Top 4 Savings Accounts in Nepal (2022)

Nepal has a relatively healthy banking system that focuses on the basics — checking and savings accounts, rather than complex loan schemes like foreign banks, making Nepali banks much safer in our opinion than banks in most countries.

We’ll only be covering accounts I would personally consider using and that I believe to be trustworthy and safe to use. I say this as personally I do not trust all banks and their solvency, and I wouldn’t want anyone to lose their savings because of the incompetence of a badly ran bank even if it means a slightly higher interest rate or more convenient locations around Nepal.

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My Favorite Account: Nabil Bank's Shareholder Savings Account

This is by far my favorite non-government bank in Nepal, as they’re the oldest and best-ran bank in Nepal with the safest financials. They don’t offer the best interest rates, although they’re competitive and relatively good still, but I know they aren’t going to go bankrupt or run off with the money deposited with them.

They have tons of ATM’s and branches/locations throughout all the big cities in Nepal, including tons in Thamel and other tourist areas which make them plenty of money from tourists — which make them not have to charge locals much in terms of fees on their accounts. They offer a moderately high 5% -> 6% interest rate currently, and generally offer right-at the inflation rate in Nepal.

The only downside to this account is you must own stock shares of the company, which will require you to go to a brokerage in Nepal, some money to buy the shares, and you requesting an account statement/certificate to prove you own Nabil bank’s shares. I’d say the shares are likely not a bad place to keep some money anyhow, so this isn’t an issue to me — but just keep in mind this account requires a little more work to open due to that limitation.

You can print out the form to open this account, or find locations near you who may have it on Nabil’s website.

Best High-rate Interest Account: Rastriya Banijya's Savings Account

If you’re comfortable using a government-ran bank, then this one offers good interest rates and is much better ran the other government-banks in Nepal in my opinion, as well as are generally more knowledgeable about banking in my experience.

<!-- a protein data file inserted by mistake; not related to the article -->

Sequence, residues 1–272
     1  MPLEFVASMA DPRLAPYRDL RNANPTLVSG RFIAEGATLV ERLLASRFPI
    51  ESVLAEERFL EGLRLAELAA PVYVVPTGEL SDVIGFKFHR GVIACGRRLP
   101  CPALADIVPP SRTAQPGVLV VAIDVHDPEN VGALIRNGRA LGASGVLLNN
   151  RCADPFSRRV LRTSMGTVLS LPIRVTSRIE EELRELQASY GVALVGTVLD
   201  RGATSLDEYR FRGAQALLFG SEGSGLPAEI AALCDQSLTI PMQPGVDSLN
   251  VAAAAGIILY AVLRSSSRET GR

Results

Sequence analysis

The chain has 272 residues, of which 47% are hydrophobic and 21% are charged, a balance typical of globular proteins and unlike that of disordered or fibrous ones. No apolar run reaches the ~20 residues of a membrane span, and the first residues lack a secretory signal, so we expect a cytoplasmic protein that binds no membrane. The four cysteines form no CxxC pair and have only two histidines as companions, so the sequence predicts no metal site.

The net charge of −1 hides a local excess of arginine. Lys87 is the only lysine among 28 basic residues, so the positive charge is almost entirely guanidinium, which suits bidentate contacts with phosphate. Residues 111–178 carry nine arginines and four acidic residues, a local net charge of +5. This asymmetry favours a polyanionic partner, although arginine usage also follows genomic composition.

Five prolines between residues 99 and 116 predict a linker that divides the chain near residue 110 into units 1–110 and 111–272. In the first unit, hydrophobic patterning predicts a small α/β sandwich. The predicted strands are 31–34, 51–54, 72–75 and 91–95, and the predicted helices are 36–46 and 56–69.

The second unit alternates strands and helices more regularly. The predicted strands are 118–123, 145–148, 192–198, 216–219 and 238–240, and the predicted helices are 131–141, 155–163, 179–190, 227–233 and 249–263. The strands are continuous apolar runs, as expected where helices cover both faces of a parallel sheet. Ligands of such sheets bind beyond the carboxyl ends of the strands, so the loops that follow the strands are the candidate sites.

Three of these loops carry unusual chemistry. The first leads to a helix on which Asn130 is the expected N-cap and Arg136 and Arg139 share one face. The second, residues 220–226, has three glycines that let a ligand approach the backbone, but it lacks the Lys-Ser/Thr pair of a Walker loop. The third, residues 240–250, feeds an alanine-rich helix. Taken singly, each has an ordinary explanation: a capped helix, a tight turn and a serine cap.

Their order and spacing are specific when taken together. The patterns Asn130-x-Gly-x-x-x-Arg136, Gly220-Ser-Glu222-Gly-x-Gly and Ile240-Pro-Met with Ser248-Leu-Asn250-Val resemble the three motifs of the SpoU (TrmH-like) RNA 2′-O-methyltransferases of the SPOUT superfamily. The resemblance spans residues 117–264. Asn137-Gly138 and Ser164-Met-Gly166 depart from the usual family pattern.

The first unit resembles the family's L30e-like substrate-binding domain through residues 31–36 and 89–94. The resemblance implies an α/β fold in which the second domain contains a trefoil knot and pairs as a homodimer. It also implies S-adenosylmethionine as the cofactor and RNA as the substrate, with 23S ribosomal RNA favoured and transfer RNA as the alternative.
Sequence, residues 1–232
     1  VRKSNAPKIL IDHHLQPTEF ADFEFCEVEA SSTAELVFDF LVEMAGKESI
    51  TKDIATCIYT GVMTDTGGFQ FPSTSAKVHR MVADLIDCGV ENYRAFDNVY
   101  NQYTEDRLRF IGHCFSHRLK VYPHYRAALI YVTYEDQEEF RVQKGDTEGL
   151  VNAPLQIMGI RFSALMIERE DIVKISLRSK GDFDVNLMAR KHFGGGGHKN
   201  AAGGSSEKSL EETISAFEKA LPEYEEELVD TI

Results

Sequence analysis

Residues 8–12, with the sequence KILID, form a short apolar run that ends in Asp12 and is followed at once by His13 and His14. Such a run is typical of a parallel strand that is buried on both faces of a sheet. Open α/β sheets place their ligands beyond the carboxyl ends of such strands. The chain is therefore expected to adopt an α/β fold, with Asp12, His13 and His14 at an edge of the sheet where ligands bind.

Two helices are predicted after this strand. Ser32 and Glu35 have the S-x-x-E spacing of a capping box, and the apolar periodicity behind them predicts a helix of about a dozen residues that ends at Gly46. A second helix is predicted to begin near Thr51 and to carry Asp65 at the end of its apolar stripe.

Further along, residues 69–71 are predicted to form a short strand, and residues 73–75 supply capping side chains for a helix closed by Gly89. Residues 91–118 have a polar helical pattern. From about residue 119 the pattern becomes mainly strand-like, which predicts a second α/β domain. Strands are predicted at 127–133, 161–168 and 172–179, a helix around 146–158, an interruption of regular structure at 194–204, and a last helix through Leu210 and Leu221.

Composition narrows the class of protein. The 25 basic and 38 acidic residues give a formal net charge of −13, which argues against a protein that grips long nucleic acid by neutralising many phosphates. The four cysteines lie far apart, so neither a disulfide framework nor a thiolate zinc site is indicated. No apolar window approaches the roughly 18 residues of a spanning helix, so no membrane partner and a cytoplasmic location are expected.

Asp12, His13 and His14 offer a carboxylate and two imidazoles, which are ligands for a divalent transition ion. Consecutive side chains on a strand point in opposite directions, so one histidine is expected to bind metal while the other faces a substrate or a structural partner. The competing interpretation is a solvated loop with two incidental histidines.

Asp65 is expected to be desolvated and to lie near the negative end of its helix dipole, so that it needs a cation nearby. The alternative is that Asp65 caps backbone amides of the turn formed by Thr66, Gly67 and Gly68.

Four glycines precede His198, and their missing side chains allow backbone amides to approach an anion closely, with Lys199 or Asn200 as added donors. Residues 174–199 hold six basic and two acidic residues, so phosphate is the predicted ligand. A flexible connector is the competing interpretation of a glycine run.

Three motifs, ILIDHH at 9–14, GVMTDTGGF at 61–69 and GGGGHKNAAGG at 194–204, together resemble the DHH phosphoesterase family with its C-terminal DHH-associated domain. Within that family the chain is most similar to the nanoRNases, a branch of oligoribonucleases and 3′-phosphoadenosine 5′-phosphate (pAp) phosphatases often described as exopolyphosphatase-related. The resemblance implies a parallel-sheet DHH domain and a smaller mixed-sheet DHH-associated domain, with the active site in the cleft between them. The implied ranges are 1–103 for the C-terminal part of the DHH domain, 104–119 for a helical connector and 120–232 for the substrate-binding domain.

They aren’t quite as “up-to-date” as the other banks we mention here and lack good online banking facilities and transparency, so it’s best to go into a physical location to discuss your options and which specific account you would be eligible for. You can check an overview of their accounts and interest rates offered on their website, however it’s not always up-to-date and it’s only in Nepali — but this shouldn’t be an issue for most of you.

An Overall Decent Convenient Bank: Mega's Lokapriya Bachat Khata Account

While I don’t trust this bank as much, I do still trust them enough to feel comfortable storing money in their bank — although I’d prefer to bank with Nabil personally. This account generally offers slightly less interest than Nabil’s savings account, although not enough to really make a big difference.

I’d say if you already bank with Mega or they’re more convenient for you bank with them, but otherwise there’s no real benefit to going with them over Nabil or one of the others on this list. They do offer a Visa debit card and Checks, as well as no minimum deposit to open a savings account, so they aren’t a bad choice by any means. You can check the current interest rate they offer for this account on their website by clicking here.

Best for Long-term Deposits: Nepal Investment Bank's Term Deposits

If you have significant capital and are comfortable not having access to it for 3-6mo or longer (depending on the return you desire), then these are hands-down the best option for your savings. You can easily get between 9% and 11% on your money per year depending on the deposit-length term, which is great.

If you choose to do this make sure you have cash savings or another account above for a smaller amount of your money in case you need the money before your term-deposit is finished, as you won’t have access to deposits into this account for multiple months.

If you do use this account I’d personally avoid their highest interest rate terms such as the 10 year options and stick to the lower-return 3 to 6 month term deposits, as they are much safer. When they expire simply do another 3 to 6 month term deposit. This way if inflation increases you don’t lose your purchasing power, and you can have access to the money relatively quickly if your life circumstances change, such as getting married or moving abroad, and you wanting the money soon.

You can check the current term deposit rates on this page of Nepal Investment Bank’s website.